Communicating with Infographics

Communicating with Infographics

by SaRita Custis
Comments are off for this post.

When you're struggling to communicate a complex concept or idea to your audience, you might want to consider using an Infographic.

An infographic, short for “information graphic,” is an image that's designed to share facts, statistics and data in a more interesting way by using graphics to present the information.

Using more visual components like charts and graphs makes it easier to explain themes so that most of the people in your target market can easily understand them. The key is to present the information in a way that is appealing and interesting. The most effective infographics share some characteristics that you should explore.


The background provides a foundation on which you'll present your data. Good backgrounds can be used to separate the distinct areas of the infographic and provide a subtle cue that the message is shifting, like the way a movie shifts the background music when moving on to a new scene.


Color can be used to make specific items stand out. Overall, you should use a color scheme that will help to highlight crucial information. It's best to avoid bright colors or colors that clash. Similarly, dull grey and mauve color schemes have been proven less effective in engaging the user. Remember that color can sometimes create an emotional association with your reader, so choose wisely and keep it simple. You can use an online color wheel tool to choose complementary colors that are aesthetically pleasing.


Shapes form the basis of your design. You should use various share to organize your data and add visual interest. There are 3 types of shapes used in infographic design: abstract, geometric and natural. Abstract shapes have no specific pattern or symmetry, so they aren't part of any particular category. Geometric shapes are the core shapes we all learn as children: circle, square, triangle, etc. Natural shapes are things you would recognize as something occurring naturally, like leaves or clouds.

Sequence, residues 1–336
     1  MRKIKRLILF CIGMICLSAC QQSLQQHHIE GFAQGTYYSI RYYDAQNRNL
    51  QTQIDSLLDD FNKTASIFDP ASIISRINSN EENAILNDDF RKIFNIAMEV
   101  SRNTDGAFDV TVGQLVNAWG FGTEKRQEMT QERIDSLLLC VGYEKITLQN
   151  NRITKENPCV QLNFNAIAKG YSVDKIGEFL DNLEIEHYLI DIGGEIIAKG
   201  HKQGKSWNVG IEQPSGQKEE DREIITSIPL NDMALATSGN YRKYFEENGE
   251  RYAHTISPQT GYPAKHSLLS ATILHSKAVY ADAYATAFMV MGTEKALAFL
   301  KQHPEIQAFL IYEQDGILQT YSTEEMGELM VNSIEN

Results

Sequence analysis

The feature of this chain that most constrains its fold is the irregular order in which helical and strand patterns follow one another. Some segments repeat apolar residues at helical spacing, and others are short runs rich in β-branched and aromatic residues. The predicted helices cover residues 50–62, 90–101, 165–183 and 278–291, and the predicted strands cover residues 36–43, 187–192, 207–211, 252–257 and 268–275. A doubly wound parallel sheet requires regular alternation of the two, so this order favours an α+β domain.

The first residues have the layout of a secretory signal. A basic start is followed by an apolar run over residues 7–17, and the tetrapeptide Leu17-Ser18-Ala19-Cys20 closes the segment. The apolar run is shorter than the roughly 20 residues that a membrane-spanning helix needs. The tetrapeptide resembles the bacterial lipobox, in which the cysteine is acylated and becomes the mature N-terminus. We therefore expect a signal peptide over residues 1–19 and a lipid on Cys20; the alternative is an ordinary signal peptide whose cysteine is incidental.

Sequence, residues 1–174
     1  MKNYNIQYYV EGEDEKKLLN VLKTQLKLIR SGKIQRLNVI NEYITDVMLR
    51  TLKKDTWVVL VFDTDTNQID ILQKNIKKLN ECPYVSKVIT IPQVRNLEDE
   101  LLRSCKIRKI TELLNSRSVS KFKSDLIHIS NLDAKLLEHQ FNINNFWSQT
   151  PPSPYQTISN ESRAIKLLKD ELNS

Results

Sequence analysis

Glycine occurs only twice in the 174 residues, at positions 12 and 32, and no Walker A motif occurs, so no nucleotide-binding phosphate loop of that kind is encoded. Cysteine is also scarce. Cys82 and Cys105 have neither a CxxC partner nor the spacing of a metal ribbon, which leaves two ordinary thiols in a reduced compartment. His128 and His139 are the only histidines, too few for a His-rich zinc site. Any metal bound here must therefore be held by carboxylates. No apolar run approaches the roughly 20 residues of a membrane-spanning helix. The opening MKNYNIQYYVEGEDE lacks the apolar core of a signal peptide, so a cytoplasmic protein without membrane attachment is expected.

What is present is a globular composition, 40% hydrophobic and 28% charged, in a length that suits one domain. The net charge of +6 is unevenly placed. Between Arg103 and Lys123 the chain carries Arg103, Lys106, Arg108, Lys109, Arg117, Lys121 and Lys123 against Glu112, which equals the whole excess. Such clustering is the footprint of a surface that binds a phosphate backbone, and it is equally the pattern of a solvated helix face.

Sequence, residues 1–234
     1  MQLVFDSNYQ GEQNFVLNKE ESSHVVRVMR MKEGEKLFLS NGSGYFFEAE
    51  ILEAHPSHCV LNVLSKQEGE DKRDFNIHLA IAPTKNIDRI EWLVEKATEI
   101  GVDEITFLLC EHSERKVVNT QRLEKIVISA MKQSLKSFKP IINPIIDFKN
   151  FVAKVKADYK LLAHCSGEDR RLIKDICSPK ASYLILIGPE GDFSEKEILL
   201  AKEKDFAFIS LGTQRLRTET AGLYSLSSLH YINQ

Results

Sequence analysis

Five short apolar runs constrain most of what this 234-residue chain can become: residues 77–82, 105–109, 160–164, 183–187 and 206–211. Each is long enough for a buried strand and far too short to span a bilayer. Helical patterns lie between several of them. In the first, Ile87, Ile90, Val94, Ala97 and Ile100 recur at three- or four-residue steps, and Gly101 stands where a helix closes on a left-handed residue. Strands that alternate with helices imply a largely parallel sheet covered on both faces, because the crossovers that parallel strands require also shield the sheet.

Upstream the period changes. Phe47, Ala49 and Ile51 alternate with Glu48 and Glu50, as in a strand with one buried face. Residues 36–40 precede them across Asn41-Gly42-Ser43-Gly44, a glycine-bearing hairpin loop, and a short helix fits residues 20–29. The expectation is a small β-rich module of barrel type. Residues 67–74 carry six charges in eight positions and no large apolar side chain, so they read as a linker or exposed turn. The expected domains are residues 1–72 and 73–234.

Texture – in this case virtual texture – can add interest to the appearance of your infographic, but use it sparingly. Things that are popular at any given moment – glossy buttons, “fuzzy” shapes, metallic characters – might look old and outdated the next moment. As technology shifts, you'll need to adjust your images to fit what is considered current.


Lines can be used in many different ways in an infographic. You can use them to show sequential steps or timelines. They can provide visual separation of ideas. You also use them to emphasize an idea. Pay close attention to the weight and style of your lines to ensure they match your overall theme.


Keep your text concise and focus on answering one question. If you publish a full page of text as an infographic, it will likely be ignored by your intended audience, so keep the text short and to the point. Separate pieces of text with images and other visual components to create some negative space and make the overall graphic more visually appealing. Keep your graphs and charts uncluttered and simple to read. Bear in mind that the purpose of your infographic is to share ideas quickly, so do just that.


Keep the sizes of each individual element balanced. That does not mean everything should be the same size, just be sure the sections form a sort of symmetry so that your reader flows naturally through the information you're presenting.

It's easiest to put these design elements into place if you use a tool to create your infographic. Here are some free online tools that work very well:

Before you publish an infographic, invest a little bit of time to review it for errors. Pay particularly close attention to any areas of data where you're presenting numbers; imagine how a user would react if they saw your pie chart portions added up to 115%. It's also a good idea to use a word processor and have another person review your text to look for spelling errors.

Give it a try and see what your creativity can come up with. Feel free to share a link to your own infographics in the comments.

Share this article

Comments are closed.